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Research & policy updates

Produced by Asia Education Foundation, this digest shares recent research relevant to fostering the development of Asian languages and studies, and intercultural understanding in Australian schools.


December 2014 edition

Policy

Launch of new website Love of Language

Community Languages Australia recently launched, with the support of the Victorian Government (under the previous Premier Napthine) and the Department of Education and Early Childhood Development (now: Department of Education and Training), a new website aimed at promoting the learning of language. The website, which is also linked to the Victorian Government's Vision for Languages Education 2013-25, seeks to encourage and provide opportunities to learn a new language.

More information


Journal articles

Islam Encountered: Confronting Stereotypes and Fostering Knowledge

Bautista, J. (2014). Islam Encountered: Confronting Stereotypes and Fostering KnowledgeEducation About ASIA, 19(1): 39-42.

This article discusses how the five-week Southeast Asia in Context (SEAiC) programme developed cultural knowledge and reduced stereotypes among participating undergraduate students. Specifically, it highlights the programmes' promotion of a more balanced understanding of Islam in South-east Asia. Using the SEAiC trip to Indonesia as an example, Bautista emphasises the importance of well-designed preparatory and debriefing activities to enable 'reflective introspections' that transform thinking about Islam and Muslims.


'If I'm going to teach about the world, I need to know the world': developing Australian pre-service teachers’ intercultural competence through international trips

Santoro, N. (2014). 'If I'm going to teach about the world, I need to know the world': developing Australian pre-service teachers’ intercultural competence through international trips. Race, Ethnicity and Education, 17(3): 429-444. (Special Issue: Initial Teacher Education: Developments, Dilemmas and Challenges)

This article presents empirical findings from a qualitative study investigating the effects of a short-term immersion programme in India for Australian pre-service teachers. The study revealed that while participants generally viewed their in-country experiences as interesting and 'mind-blowing', the programme itself did not sufficiently encourage critical self-reflection and tended to reinforce stereotypical and/or ethnocentric views of culture. Santoro calls for in-country study programmes that are more systematic and pedagogically sound, and include intensive preparation and debriefing for participants. The article suggests that teacher training should pay greater attention to fostering self-reflexivity and critical awareness of racism and racial hegemony.

Practical relevance
In-country immersion programmes designed in a pedagogically sound manner can provide great opportunities for transformative learning. The programmes explored in the two articles are relevant to the Australian Curriculum cross-curriculum priority of Asia and Australia's engagement with Asia and the Intercultural understanding general capability.


'To improve language, you have to mix': teachers' perceptions of language learning in an overseas immersion environment

Roskvist, A., Harvey, S., Corder, D., & Stacey, K. (2014). 'To improve language, you have to mix': teachers' perceptions of language learning in an overseas immersion environment. The Language Learning Journal, 42(3): 321-333.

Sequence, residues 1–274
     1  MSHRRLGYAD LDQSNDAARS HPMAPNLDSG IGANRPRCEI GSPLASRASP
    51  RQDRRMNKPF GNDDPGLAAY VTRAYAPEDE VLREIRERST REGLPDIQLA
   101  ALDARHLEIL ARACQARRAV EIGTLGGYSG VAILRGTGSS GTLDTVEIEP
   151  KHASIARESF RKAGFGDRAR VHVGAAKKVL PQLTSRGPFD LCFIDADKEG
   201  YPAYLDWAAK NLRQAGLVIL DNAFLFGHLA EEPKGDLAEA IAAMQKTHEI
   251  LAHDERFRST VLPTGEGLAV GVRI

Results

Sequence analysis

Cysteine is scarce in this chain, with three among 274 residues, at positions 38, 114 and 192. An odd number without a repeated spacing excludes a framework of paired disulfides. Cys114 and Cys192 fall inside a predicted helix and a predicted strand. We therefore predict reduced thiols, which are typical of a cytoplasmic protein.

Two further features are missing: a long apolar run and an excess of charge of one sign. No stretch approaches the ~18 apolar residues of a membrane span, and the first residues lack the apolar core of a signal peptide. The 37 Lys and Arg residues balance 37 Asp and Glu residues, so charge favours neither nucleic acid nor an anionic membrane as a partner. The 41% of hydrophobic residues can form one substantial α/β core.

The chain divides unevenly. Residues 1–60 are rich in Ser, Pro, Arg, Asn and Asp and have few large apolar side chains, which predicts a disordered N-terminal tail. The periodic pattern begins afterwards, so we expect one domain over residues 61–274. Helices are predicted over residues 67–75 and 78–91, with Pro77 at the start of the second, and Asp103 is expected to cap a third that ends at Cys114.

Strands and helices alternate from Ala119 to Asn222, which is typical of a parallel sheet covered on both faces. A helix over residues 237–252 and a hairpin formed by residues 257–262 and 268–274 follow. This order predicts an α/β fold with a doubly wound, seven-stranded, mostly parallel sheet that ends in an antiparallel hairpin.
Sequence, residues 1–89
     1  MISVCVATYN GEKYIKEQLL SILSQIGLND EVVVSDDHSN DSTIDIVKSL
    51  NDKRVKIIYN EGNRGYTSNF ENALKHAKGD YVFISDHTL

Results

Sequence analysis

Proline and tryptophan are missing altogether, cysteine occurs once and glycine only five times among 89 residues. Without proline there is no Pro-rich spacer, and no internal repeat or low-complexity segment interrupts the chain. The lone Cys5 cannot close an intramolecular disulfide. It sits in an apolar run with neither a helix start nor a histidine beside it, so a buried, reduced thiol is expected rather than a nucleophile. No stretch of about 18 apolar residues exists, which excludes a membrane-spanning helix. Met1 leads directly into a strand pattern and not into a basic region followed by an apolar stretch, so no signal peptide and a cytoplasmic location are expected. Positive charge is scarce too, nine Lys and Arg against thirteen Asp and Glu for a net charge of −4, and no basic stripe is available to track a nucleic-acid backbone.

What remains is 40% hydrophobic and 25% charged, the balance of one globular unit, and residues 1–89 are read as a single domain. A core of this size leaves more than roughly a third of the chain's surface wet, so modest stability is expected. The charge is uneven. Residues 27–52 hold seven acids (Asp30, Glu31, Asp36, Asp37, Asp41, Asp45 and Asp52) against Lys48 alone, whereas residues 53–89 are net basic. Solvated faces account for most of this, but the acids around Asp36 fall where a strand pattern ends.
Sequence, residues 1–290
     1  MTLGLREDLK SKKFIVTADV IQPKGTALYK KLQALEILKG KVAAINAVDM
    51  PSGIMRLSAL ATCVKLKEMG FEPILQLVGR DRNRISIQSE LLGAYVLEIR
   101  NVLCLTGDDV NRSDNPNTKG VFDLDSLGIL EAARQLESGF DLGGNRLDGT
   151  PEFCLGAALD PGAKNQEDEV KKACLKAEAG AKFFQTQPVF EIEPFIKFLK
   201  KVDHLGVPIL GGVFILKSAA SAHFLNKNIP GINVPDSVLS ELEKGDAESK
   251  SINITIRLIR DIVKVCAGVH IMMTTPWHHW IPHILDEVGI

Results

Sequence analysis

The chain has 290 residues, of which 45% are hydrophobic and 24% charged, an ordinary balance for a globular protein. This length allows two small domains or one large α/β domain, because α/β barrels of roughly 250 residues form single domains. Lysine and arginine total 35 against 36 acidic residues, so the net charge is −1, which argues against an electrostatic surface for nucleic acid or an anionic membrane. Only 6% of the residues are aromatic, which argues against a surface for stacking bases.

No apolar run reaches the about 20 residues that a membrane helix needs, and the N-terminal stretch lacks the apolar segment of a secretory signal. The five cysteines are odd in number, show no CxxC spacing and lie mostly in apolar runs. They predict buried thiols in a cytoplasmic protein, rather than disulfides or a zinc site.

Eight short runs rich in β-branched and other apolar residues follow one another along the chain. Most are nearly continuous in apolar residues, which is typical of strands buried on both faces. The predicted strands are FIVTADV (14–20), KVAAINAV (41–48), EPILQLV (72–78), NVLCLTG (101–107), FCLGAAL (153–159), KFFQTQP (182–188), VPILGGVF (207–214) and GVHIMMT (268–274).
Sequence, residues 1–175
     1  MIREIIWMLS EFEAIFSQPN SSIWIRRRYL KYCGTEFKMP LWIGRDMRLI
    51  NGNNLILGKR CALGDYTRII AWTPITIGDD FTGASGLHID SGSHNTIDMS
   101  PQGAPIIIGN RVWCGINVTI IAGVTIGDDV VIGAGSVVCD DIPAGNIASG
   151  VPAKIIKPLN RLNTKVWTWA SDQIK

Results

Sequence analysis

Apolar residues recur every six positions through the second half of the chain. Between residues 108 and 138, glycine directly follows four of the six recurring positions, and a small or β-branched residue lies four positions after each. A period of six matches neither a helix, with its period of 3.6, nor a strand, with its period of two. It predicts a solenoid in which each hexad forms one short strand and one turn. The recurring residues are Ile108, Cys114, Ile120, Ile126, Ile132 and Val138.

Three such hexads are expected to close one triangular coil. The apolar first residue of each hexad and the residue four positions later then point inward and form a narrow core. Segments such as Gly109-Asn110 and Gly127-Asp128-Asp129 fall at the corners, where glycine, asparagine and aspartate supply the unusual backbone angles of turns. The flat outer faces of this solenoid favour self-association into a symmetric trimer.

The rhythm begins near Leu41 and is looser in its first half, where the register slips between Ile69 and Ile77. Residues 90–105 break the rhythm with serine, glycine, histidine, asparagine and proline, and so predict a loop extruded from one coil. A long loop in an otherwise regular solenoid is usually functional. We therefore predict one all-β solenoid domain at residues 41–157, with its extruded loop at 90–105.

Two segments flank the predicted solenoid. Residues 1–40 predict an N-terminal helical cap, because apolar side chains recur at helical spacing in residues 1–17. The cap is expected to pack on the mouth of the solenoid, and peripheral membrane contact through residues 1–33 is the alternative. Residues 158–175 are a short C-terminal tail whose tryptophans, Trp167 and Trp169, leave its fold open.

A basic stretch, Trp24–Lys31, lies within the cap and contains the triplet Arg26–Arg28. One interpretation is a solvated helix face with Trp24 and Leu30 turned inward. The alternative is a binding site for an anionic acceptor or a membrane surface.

This article examines the effects of in-country immersion programmes for language teachers from New Zealand with particular focus on their language proficiency. Using qualitative and quantitative analyses of participants' views, the study found that the programmes had a positive effect on participants' linguistic development, attributed largely to authentic interaction opportunities and language immersion. The article suggests the need to expand interaction opportunities (in the target language) to maximise the language benefits of in-country immersion.

The sustainable impact of a short comparative teaching placement abroad on primary school language teachers' professional, linguistic and cultural skills

Driscoll, P., Rowe, J. E., & Thomae, M. (2014). The sustainable impact of a short comparative teaching placement abroad on primary school language teachers’ professional, linguistic and cultural skills. The Language Learning Journal, 42(3): 307-320.

This article investigates the long-term effects of a four-week overseas teaching placement programme for pre-service primary school teachers from the UK. While previous studies have confirmed the positive, short-term effects of this language programme, the article presents evidence of sustained, longer-term impact on participants' professional capacity and linguistic and cultural skills. It concludes that overseas placement experiences for pre-service teachers can trigger transformative learning processes and develop teacher’s confidence and practice long after initial participation.

Practical relevance
Both articles emphasise the potential of in-country immersion programmes to foster teachers’ linguistic and intercultural skills development. AEF Study Programmes to Asia provide one avenue for such programmes. The positive impacts that these programmes can have on participants over a period of time has been researched and presented in  What Works 7: Study programmes to Asia (AEF, 2014).

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